Cowboys and Angels

I recently spoke with Mr. Gibson, the associate director of Lake Avenue Community Foundation in Pasadena. He told me a story about cowboys.

Mr. Gibson’s takes underprivileged kids and gathers them in the company of real life cowboys; he takes them from their disparate enclaves in southern California to a environment that disorients everybody — a dude ranch in Wyoming.

This paradigm break equalizes the kids, he told me. With everybody out of their element, nobody’s in a position to condescend. Their shared disorientation draws them toward each other, causes them to bond and begin to learn from each other.

Nowhere is this more evident than when they take part in cattle branding.

This means chasing down a calf, roping it, taking it to the ground, branding it with a hot iron, and finally castrating it.

The kids from California are traumatized. But since they have to participate, their alarm emerges instead through language. From the urban kids, the cowboys hear what one might expect to hear — language of the very bluest. Meanwhile, the suburban kids can be heard exhorting whoever’s around to “shut the front door.”

Mr. Gibson tells me that the cowboy culture is one of honor and respect. Cowboys are not the linguistic counterparts of sailors. (This seems right to me — cowboys in the movies say more deadly things with a squint than I’ve ever heard in a rap song.)

He says that the cowboys are pretty affronted by the language they hear from the students. “They’re usually quite taken aback,” he tells me. “If that was my boy,” they say, “I’d wash his mouth out with soap.”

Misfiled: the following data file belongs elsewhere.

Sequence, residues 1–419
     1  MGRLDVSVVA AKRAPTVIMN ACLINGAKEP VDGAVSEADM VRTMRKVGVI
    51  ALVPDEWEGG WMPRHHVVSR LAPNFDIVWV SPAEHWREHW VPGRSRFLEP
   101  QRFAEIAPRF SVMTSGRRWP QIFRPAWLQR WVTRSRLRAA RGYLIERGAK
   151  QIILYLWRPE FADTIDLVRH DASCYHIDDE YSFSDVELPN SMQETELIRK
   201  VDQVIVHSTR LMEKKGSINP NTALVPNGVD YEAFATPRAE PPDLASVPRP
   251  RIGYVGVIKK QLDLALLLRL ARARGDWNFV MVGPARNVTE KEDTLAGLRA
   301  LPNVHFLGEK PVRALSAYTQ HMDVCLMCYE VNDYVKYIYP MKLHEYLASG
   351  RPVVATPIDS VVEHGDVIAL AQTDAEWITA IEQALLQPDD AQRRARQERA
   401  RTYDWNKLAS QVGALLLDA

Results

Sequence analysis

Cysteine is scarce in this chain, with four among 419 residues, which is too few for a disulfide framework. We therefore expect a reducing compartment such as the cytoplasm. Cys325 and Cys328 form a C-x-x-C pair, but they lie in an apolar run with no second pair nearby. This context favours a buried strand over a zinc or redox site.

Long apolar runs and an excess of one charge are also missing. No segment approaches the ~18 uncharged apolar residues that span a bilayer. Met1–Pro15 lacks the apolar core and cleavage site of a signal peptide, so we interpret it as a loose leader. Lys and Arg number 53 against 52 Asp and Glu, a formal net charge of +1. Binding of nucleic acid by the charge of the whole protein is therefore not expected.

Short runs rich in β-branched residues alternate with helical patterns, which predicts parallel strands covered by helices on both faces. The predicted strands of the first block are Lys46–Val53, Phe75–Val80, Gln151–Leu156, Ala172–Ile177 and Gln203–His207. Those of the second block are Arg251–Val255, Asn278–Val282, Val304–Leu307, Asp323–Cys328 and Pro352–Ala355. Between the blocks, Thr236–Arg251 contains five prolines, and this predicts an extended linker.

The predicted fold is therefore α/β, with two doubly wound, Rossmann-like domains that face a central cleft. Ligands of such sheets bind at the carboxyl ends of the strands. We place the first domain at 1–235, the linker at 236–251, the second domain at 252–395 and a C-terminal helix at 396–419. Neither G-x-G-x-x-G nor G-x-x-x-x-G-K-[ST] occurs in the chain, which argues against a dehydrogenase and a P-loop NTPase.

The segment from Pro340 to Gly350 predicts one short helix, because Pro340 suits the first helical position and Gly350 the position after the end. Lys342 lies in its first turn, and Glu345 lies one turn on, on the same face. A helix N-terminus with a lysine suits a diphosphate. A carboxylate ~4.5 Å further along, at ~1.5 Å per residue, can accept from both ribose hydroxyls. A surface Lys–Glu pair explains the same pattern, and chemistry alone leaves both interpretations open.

In the meantime, through submission to violence, heat, and blood, the kids from California are being forged into people of stronger character. (That’s the idea, anyway.) And maybe, when the human psyche is brought into necessary evils such as these, the only way for it to bear up is through language.

We are made for fight, or flight, in the face of trial. When neither are possible, where can the self emerge but in language?

But I keep thinking about the cowboys.

Sin purification is some kind of trauma, and not only to the soul. Sometimes the process is like a localized surgery. But sometimes it’s more like a car accident combined with a tumor extraction. Sometimes the experienced of being renewed is very unsightly.

Sometimes the angels must wonder, like the cowboys do about the students, why it’s worth bothering at all with creatures who can’t handle their shit during a routine sanctification. One that is not only brief in duration, but is heavily supervised by a trustworthy authority.

But Mr. Gibson doesn’t bring the kids to the ranch for the benefit of the cowboys. In fact, the cowboys are there for the benefit of the kids. In fact, everything is.

If the point of salvation was its cosmetic appeal, the sanctification process would surely be an occasion for God to retract his plan.

These are things into which angels long to look.

Angels might well marvel at how vulgar I am. Sometimes even I do. I’m unlikely to realize how vulgar I am until my heart overflows out of my mouth, and I look at it, and I see what I’m being saved from.


Flickr photo (cc) byThomas Izko